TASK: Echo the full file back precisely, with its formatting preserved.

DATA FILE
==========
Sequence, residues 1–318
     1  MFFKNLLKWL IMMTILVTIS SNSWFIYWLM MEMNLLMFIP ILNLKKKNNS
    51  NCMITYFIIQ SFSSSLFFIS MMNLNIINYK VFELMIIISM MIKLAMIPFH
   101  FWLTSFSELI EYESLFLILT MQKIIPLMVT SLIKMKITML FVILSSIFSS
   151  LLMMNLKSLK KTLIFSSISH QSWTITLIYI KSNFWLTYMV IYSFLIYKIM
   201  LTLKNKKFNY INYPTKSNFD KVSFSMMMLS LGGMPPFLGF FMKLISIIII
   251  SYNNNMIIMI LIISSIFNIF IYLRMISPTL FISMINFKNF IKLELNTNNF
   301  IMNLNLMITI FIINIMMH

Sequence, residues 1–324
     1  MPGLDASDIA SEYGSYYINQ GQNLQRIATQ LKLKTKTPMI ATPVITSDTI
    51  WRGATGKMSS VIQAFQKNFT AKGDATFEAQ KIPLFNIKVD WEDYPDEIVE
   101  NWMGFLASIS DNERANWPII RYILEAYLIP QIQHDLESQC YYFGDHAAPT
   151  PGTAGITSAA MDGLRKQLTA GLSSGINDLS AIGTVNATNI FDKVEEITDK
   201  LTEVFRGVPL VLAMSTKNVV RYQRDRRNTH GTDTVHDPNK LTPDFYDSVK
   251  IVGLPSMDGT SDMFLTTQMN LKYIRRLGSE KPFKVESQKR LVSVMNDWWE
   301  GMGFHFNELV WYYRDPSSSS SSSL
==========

Sequence, residues 1–318
     1  MFFKNLLKWL IMMTILVTIS SNSWFIYWLM MEMNLLMFIP ILNLKKKNNS
    51  NCMITYFIIQ SFSSSLFFIS MMNLNIINYK VFELMIIISM MIKLAMIPFH
   101  FWLTSFSELI EYESLFLILT MQKIIPLMVT SLIKMKITML FVILSSIFSS
   151  LLMMNLKSLK KTLIFSSISH QSWTITLIYI KSNFWLTYMV IYSFLIYKIM
   201  LTLKNKKFNY INYPTKSNFD KVSFSMMMLS LGGMPPFLGF FMKLISIIII
   251  SYNNNMIIMI LIISSIFNIF IYLRMISPTL FISMINFKNF IKLELNTNNF
   301  IMNLNLMITI FIINIMMH

Sequence, residues 1–324
     1  MPGLDASDIA SEYGSYYINQ GQNLQRIATQ LKLKTKTPMI ATPVITSDTI
    51  WRGATGKMSS VIQAFQKNFT AKGDATFEAQ KIPLFNIKVD WEDYPDEIVE
   101  NWMGFLASIS DNERANWPII RYILEAYLIP QIQHDLESQC YYFGDHAAPT
   151  PGTAGITSAA MDGLRKQLTA GLSSGINDLS AIGTVNATNI FDKVEEITDK
   201  LTEVFRGVPL VLAMSTKNVV RYQRDRRNTH GTDTVHDPNK LTPDFYDSVK
   251  IVGLPSMDGT SDMFLTTQMN LKYIRRLGSE KPFKVESQKR LVSVMNDWWE
   301  GMGFHFNELV WYYRDPSSSS SSSL